In a letter dated May this year, the Brexit Secretary attempted to assuage concerns about the implications of Theresa May’s deal for the United Kingdom.
Posts Tagged: European Court of Justice
Nigel Evans: If the Prime Minister can’t deliver a clean Brexit, she must make way for a successor who will
She should now put her deal to the Commons without the backstop – announce a firm date for her departure.
Robert Halfon: If you don’t like the backstop and you want a Brexit deal done quickly, there’s only one answer: Common Market 2.0
I voted for the Prime Minister’s deal today. But the Commons didn’t – and we now all need a positive alternative.
We have secured legally-binding changes which address MPs’ concerns about the need to protect the UK from being stuck in the backstop against its will.
Whichever way the Prime Minister eventually goes, she will also continue to run the risk of splitting the Conservative Party.
“It’s not just the implementation period. It would be for the whole of the backstop, and that would potentially be unlimited.”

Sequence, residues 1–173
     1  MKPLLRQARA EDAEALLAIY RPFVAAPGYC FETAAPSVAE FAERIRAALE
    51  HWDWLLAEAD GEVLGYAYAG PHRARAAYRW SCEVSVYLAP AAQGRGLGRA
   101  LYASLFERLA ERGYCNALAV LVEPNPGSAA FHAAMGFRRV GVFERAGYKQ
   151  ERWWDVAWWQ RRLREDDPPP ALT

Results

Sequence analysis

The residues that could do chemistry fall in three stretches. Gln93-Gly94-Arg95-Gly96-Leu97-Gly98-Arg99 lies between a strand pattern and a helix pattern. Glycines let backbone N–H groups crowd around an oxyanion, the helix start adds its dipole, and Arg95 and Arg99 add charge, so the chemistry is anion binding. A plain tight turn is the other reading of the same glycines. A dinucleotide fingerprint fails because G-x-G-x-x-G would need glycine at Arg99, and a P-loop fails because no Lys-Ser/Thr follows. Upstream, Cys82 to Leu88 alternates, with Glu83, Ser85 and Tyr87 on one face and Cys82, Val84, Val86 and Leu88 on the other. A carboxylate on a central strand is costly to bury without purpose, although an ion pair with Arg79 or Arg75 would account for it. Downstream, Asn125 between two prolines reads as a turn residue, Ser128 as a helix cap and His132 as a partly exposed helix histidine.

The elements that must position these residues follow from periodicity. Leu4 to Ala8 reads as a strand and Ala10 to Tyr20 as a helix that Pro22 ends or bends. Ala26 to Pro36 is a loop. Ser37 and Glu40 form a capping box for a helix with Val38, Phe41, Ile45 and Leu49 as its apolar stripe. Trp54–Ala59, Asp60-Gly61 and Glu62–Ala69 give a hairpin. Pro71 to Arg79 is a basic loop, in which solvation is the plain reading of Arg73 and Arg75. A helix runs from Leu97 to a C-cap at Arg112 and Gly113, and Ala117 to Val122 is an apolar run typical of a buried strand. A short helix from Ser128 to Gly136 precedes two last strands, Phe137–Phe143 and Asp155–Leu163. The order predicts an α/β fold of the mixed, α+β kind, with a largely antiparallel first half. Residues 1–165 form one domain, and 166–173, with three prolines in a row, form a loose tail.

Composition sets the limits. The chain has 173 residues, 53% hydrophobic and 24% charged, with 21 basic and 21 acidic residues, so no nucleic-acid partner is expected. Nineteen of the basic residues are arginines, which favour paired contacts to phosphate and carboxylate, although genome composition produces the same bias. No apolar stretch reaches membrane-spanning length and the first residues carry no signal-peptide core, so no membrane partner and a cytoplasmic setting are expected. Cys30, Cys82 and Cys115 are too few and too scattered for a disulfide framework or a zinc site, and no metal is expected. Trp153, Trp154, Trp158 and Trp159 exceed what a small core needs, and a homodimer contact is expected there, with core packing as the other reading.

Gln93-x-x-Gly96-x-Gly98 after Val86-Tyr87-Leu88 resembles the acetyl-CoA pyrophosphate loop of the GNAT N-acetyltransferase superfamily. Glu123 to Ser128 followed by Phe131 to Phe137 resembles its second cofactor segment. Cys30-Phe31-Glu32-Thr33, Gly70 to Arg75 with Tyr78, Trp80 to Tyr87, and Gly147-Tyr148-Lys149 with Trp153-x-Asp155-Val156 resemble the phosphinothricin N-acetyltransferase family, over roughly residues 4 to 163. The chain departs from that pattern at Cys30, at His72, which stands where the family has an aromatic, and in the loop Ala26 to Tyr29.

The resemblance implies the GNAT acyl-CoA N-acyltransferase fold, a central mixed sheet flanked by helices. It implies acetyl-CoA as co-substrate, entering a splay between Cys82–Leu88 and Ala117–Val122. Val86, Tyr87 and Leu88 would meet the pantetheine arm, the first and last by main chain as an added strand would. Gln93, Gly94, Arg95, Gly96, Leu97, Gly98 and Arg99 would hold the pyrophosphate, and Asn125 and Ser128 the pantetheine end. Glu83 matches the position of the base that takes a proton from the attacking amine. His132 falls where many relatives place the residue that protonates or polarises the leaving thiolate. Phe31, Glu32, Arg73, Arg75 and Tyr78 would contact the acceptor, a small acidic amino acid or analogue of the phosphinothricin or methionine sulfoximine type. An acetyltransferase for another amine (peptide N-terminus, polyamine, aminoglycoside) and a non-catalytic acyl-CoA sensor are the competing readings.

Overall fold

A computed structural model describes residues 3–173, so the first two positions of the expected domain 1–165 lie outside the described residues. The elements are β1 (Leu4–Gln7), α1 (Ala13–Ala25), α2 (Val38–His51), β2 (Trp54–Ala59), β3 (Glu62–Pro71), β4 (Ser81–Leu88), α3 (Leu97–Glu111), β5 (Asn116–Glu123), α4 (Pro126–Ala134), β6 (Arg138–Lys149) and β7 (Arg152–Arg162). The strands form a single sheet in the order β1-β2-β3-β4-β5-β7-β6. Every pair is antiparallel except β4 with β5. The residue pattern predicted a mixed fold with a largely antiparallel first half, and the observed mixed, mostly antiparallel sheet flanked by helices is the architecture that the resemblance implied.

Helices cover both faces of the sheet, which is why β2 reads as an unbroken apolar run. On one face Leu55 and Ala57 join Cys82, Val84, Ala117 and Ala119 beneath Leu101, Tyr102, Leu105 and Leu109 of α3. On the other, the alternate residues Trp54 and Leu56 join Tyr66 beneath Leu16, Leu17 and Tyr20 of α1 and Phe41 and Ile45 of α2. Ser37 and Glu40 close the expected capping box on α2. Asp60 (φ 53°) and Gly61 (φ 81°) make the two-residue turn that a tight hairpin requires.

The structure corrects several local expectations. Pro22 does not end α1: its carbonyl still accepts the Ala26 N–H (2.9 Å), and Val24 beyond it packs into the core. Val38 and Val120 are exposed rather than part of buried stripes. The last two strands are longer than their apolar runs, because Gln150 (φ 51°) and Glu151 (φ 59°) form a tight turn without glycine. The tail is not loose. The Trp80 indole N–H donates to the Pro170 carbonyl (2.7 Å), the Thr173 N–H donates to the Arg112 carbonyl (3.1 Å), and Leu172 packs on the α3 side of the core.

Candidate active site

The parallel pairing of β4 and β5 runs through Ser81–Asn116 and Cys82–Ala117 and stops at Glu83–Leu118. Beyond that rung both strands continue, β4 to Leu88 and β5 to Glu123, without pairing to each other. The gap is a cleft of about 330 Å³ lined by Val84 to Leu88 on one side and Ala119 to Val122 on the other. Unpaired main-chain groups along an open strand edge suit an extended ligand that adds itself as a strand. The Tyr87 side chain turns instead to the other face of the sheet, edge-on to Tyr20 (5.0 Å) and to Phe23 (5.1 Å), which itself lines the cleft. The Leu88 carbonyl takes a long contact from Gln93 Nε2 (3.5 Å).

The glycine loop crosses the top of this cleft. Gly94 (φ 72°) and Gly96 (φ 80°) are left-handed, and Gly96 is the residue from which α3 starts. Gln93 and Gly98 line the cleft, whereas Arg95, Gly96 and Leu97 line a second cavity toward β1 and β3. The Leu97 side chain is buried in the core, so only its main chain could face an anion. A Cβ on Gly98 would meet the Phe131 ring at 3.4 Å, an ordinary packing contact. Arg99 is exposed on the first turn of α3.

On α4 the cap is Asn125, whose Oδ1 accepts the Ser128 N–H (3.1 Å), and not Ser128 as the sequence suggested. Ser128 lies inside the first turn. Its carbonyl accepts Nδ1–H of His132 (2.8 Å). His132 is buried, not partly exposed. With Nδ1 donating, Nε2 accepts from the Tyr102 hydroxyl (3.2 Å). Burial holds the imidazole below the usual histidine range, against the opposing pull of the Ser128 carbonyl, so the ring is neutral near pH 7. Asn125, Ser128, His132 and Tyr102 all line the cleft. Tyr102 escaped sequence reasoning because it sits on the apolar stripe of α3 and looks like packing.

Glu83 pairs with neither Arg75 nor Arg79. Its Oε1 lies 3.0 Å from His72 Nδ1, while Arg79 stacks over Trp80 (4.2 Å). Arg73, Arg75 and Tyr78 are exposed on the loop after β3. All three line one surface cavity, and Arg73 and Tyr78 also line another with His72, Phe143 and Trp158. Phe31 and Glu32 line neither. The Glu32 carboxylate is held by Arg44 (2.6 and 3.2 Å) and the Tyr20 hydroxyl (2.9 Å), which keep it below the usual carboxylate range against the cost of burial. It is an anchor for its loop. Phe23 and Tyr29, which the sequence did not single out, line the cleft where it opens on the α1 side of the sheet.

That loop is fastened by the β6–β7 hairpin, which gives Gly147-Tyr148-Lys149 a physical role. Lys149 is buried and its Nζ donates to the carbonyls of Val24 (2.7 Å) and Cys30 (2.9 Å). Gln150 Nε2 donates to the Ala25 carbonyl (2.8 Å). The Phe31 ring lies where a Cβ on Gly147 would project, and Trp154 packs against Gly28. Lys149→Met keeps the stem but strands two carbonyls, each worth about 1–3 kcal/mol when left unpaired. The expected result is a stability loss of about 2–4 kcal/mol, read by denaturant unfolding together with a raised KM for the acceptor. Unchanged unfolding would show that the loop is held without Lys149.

“In my personal opinion, Olly Robbins should go to the Tower, in which case he should arrive by river.”
Plus: We must be the Party for social housing as well as home ownership. And: why don’t we trumpet our history of social reform?
Peter Bone: I helped move Cameron’s Government to deliver the referendum. This deal doesn’t deliver on the result.
It is certainly not the Brexit that people voted for. As Bill Clinton might have said about the main issue: It’s the Sovereignty, Stupid!
Other options being floated are designed to hold us in the EU’s orbit in the hope that we may be sucked back in.
Kieron O’Hara: No more referendums, please – they don’t work. A second would be no better than the first.
Indeed, it would be best to pause Brexit altogether until the parties have worked out what they want – and put it to voters in a general election.
There are four steps she must take, successfully and in short order, to be in with any chance of seeing it fly.
Were it not for the backstop, May’s deal would get over the line – with support from an overwhelming majority of Conservatives, including us.
Is she chickening out on Brexit? Or playing chicken with Commons and Party over her deal? Or merely a headless chicken herself – bent on daily survival?
Chris Grayling: Here at Transport, we’re getting ready for Brexit – whatever happens. But here’s why I’m backing May’s deal.
If I had been offered this before the referendum in 2016, I would have seen it as a much better alternative to the status quo inside the EU.